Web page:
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Thursday October 7th, 1999

CNet's Paul Festa can't seem to write an article that lacks a negative mention of Mozilla. His latest regards comments made by Linus Torvalds. Linus states, "Netscape is an example of one that did not get the interaction going between the outside world and the Mozilla project. Yes, it became open source, but to some degree it never took off like they hoped for."

I wish Linus would have discussed the state of the Linux development community after its first year. From accounts I have read Linux was not receiving as much outside help as Mozilla after a year of development. But somehow, Linux managed to thrive. Imagine that.

Between the newsgroups, Mozilla.org, Bugzilla, LXR, Tinderbox, #mozilla and Bonsai, I think mozilla.org has covered all the bases. What interaction did Linus expect, exactly, that mozilla.org doesn't already provide?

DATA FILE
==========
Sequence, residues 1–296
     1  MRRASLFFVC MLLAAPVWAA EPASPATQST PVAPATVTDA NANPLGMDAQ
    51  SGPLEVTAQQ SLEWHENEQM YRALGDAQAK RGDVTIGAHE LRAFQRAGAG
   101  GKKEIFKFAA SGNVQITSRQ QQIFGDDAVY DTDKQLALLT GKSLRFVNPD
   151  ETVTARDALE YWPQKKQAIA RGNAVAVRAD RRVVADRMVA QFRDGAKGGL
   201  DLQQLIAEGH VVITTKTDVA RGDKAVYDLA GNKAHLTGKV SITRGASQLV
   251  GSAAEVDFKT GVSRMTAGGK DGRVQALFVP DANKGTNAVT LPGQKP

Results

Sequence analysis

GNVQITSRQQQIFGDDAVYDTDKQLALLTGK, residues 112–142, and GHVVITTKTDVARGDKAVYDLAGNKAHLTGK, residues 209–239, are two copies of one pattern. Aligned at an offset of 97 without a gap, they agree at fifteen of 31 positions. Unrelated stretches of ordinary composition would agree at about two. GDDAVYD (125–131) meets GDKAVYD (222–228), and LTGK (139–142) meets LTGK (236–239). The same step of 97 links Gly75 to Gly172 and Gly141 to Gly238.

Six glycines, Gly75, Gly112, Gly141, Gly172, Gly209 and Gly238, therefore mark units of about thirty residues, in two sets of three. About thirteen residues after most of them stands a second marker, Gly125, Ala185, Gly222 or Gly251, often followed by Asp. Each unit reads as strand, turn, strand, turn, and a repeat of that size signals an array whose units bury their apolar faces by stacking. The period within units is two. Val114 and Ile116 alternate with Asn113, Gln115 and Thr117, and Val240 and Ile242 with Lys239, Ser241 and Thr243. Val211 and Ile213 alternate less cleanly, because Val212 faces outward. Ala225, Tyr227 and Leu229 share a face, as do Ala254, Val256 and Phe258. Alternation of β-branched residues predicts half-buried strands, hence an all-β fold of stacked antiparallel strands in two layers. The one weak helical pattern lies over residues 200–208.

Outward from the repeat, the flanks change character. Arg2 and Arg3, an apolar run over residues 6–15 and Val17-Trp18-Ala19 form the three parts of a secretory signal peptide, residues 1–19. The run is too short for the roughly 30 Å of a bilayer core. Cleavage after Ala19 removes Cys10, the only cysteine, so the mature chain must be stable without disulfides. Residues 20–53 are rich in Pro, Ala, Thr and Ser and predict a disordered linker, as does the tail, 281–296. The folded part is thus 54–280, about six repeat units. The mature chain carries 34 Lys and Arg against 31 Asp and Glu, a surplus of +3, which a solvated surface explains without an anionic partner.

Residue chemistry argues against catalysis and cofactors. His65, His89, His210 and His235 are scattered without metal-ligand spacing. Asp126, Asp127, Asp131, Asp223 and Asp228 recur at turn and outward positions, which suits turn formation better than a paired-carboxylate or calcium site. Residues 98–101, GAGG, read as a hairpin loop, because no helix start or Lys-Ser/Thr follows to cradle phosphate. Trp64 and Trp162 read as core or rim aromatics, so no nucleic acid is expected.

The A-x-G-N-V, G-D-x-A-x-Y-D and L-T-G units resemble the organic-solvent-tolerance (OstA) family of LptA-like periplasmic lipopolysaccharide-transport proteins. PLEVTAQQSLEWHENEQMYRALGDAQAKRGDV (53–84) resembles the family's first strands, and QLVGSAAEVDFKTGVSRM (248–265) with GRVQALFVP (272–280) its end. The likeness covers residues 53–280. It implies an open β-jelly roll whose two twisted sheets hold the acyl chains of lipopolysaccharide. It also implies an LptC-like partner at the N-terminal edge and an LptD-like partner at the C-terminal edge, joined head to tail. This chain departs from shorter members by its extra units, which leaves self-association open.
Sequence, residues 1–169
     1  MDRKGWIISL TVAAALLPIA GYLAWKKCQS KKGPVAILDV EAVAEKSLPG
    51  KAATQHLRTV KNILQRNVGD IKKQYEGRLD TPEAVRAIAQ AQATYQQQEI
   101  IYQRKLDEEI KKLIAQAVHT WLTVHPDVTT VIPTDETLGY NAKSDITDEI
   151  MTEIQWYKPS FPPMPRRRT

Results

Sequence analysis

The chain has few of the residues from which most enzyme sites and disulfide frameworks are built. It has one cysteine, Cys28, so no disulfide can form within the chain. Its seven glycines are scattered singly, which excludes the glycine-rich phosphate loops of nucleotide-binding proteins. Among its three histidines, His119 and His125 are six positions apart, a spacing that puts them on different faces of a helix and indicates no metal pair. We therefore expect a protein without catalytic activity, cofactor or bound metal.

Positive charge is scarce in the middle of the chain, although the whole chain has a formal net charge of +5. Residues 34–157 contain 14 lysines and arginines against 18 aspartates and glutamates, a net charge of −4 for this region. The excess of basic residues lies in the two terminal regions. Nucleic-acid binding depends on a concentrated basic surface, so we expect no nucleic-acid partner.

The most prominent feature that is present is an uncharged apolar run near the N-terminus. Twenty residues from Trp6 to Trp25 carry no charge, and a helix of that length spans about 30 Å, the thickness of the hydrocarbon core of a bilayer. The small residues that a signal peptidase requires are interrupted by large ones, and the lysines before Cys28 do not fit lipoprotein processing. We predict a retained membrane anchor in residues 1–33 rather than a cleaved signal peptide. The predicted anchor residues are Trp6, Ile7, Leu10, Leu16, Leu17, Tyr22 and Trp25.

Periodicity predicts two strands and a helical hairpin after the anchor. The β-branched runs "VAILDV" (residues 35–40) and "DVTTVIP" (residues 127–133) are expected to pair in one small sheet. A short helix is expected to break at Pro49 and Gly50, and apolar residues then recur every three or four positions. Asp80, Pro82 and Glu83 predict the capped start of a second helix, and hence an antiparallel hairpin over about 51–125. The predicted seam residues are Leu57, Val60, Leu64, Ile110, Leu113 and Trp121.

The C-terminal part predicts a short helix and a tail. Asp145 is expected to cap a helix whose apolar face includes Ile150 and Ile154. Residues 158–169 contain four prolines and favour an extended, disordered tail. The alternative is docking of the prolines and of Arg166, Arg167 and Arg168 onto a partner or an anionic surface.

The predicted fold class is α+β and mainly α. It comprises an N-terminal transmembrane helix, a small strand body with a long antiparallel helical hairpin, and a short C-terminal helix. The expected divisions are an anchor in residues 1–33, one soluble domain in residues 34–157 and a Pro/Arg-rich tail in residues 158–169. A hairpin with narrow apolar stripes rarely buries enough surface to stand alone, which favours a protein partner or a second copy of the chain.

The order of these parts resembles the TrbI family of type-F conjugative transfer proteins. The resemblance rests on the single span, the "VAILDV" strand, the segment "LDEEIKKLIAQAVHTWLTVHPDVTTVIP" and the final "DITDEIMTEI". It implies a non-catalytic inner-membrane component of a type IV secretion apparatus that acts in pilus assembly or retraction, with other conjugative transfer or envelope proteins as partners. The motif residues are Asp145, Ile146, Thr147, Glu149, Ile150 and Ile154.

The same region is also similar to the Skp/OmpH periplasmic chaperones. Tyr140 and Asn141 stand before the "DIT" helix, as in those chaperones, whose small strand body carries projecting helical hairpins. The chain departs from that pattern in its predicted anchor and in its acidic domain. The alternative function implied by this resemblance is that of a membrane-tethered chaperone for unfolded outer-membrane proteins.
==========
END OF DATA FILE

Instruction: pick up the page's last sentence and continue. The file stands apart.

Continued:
And with MathML, the BeOS port, the OS/2 port, the QNX port, "Jabber" and the XML parser all done by non-Netscape coders, I'm curious to know where he got the impression that Mozilla lacked interested developers.

Maybe CNet?

Thanks to gerbil for the news.


#2 What does he expect?

by locka <adamlock@eircom.net>

Friday October 8th, 1999 4:49 AM

You are replying to this message

To brand Mozilla a failure is a stupid statement by anyone, but especially Linus. Any open source project, be it the Linux kernel, Gnome, Gimp, or KDE has few external developers while in alpha development.

That's just a fact of life. Having said that, Mozilla already has a lot of external developers which is to its credit.

And as the project progresses and the product becomes more featureful and stable, new volunteers will literally jump out of the woodwork to assist.

Mark my words, when Mozilla hits beta, downloads will double or triple over night. By final release it will be tenfold or more.

"If you build it they will come."